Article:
Three days later, Marcus joined Local Ruckus and made an agreement with Leap2 to use the basement as an office. Another local startup, Formzapper, moved in, too. Three more startups were working out of a nearby office.
Suddenly, there were six startups within a half-block stretch of State Line. And they happened to be in Google’s first Fiberhood.
“It’s almost like it was meant to happen,” Arredondo says, “like there’s a force or energy behind it that’s beyond our control.”
The entrepreneurs didn’t know at the time that a web developer from Overland Park had bought a house five doors down and was planning to turn it into a crash pad for Google Fiber tourists.
The developer, Ben Barreth, emptied a retirement account to put 20 percent down on the $48,000 house. His plan: Attract high-tech startup entrepreneurs to Kansas City by letting them live in the house for three months at a time for free. He would even pay for utilities and Google Fiber service, which costs around $70 a month.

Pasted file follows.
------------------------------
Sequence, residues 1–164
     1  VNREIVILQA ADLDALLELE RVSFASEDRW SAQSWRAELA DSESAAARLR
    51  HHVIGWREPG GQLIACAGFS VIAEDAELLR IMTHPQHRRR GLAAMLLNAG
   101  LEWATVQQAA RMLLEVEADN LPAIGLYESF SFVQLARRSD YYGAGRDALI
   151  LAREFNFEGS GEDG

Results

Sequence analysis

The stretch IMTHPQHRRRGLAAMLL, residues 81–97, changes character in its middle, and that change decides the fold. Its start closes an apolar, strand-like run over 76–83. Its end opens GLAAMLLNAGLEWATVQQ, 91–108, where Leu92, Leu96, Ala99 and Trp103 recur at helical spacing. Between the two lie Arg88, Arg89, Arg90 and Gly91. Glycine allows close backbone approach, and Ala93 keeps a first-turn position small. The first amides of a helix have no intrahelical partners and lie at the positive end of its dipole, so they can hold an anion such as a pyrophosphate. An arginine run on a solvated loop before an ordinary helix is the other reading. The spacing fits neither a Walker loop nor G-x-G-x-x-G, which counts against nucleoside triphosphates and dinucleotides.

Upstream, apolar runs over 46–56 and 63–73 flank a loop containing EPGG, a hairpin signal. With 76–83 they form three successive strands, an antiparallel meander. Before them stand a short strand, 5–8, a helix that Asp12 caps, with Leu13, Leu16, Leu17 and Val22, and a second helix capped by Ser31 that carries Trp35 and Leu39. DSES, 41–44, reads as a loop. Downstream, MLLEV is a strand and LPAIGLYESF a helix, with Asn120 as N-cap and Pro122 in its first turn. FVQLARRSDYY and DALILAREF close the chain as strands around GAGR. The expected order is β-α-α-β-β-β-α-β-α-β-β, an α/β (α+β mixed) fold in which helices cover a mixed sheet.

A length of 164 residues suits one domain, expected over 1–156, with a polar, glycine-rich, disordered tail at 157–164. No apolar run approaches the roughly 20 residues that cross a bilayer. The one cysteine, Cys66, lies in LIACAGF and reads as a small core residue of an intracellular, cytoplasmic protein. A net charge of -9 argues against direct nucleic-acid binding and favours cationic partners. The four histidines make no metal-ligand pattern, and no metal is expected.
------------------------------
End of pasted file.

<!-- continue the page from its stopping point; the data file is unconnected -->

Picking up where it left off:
“Nobody was talking about how we can exploit Google Fiber,” Barreth says. “Nobody really knew how it was going to change things, or why it was cool. This is something we can do to make the most of Fiber.”
On his blog, Barreth asked other Kansas City homeowners to offer spare rooms to entrepreneurs who could use Google Fiber to develop their projects. So far, 15 homeowners have signed on, but none get Fiber until 2013.
When members of KC Startup Village found out about Homes for Hackers (hackers, by the way, doesn’t mean cybercriminals in this context), they offered to help ready Barreth’s house. They assembled on a Saturday to rip out carpet stained with cat pee, clean the gutters and move in furniture.
The Homes for Hackers house is sparsely furnished with a few beds, a couch, several desks and office chairs and an old refrigerator.
On Halloween, a 20-year-old entrepreneur from the Boston suburbs moved in. For the first few days, Mike Demarais slept on a mattress on the floor with a towel for a pillow. There was no electricity, so Demarais lived on takeout and went to McDonald’s for WiFi.
Demarais is trying to develop software that will help consumers customize everything from knife handles to T-shirts and iPhone cases. His dream is to revolutionize manufacturing. But his startup, Threedee, isn’t registered as an LLC yet.